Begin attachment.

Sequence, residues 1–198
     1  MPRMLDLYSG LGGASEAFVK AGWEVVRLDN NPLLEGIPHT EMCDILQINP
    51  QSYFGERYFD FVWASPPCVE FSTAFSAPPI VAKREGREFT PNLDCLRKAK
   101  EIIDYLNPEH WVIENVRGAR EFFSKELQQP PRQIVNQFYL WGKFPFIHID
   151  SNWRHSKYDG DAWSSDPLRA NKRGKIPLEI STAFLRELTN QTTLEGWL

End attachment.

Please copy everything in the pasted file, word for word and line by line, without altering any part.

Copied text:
Sequence, residues 1–198
     1  MPRMLDLYSG LGGASEAFVK AGWEVVRLDN NPLLEGIPHT EMCDILQINP
    51  QSYFGERYFD FVWASPPCVE FSTAFSAPPI VAKREGREFT PNLDCLRKAK
   101  EIIDYLNPEH WVIENVRGAR EFFSKELQQP PRQIVNQFYL WGKFPFIHID
   151  SNWRHSKYDG DAWSSDPLRA NKRGKIPLEI STAFLRELTN QTTLEGWL